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1 April 2014 Climatology of Nocturnal Rainfall for Northeast Kansas, 1950–2012
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Abstract

Nighttime rainfall has long been thought of as an important component to the central Great Plains hydroclimate during the wettest three-month period known as the “late spring - early summer precipitation maximum” from May–July (MJJ), though the climatological characteristics in Kansas are not very well documented in the literature. The nighttime rainfall characteristics are examined based on hourly precipitation data for Topeka, KS and other Kansas stations for a 63-year period from 1950–2012 for May–July. Nighttime rainfall is a major contributor to the overall moisture budget in the Great Plains, contributing over 50% of the overall rainfall total for the three-month period, with an increase in the percentage from May to July. Most nocturnal rainfall events initiate around the local midnight hour, with earlier start times in May compared to June and July. The greatest hourly precipitation tends to occur around the same time, with a gradual step down into the mid-morning hours. Geographically, areas in the eastern portion of the state receive more nighttime rainfall on average for all three months than areas to the west.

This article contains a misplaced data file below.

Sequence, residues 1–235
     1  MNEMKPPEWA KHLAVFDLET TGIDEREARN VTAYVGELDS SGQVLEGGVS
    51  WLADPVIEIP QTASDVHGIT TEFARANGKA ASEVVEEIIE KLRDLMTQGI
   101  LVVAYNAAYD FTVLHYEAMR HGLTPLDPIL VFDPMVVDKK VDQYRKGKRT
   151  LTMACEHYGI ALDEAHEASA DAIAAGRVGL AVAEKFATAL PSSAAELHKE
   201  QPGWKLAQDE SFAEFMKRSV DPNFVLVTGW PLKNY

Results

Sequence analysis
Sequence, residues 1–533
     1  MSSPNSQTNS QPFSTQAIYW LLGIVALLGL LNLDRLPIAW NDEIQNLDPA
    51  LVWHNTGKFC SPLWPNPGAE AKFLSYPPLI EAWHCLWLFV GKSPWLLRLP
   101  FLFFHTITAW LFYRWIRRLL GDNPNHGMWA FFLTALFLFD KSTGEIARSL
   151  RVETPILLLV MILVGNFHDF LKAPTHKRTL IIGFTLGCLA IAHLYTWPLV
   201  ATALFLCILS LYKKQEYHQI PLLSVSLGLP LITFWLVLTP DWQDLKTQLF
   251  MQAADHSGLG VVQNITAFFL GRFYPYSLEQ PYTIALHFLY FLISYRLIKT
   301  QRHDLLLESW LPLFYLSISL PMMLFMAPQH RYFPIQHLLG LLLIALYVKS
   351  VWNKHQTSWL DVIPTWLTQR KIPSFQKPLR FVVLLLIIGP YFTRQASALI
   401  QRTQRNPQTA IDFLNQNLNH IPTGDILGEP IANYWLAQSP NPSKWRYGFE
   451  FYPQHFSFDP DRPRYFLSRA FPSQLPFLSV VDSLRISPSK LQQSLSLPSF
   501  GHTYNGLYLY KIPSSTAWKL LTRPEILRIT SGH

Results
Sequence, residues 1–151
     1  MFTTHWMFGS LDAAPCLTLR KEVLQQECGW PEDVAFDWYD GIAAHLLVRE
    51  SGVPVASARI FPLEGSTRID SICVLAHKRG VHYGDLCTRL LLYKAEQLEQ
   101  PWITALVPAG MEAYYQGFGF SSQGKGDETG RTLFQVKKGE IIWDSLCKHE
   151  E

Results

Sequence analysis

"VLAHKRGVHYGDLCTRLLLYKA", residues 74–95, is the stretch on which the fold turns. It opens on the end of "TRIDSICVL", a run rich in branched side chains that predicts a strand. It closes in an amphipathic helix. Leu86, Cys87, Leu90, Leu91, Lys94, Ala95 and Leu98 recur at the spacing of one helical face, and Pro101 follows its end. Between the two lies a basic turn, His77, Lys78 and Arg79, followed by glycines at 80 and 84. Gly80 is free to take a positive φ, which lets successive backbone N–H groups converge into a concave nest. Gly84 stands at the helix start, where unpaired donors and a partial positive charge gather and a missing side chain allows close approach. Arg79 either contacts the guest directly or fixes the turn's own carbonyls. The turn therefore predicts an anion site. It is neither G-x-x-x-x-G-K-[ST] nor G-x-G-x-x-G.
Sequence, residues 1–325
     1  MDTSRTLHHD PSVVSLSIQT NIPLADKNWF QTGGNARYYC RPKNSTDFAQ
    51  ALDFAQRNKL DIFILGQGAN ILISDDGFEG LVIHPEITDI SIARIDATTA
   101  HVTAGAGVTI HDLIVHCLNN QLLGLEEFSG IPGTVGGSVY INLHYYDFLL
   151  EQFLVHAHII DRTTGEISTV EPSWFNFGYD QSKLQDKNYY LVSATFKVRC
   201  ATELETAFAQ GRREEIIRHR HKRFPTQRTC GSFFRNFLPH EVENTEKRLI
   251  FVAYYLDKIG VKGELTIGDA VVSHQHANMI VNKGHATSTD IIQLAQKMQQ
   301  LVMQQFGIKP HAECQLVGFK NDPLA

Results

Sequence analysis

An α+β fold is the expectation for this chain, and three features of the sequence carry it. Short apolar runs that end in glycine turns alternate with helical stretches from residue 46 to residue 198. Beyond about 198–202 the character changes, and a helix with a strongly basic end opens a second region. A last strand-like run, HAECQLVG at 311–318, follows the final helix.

Ian M. Howard and John Harrington Jr. "Climatology of Nocturnal Rainfall for Northeast Kansas, 1950–2012," Transactions of the Kansas Academy of Science 117(1-2), 21-30, (1 April 2014). https://doi.org/10.1660/062.117.0104
Published: 1 April 2014
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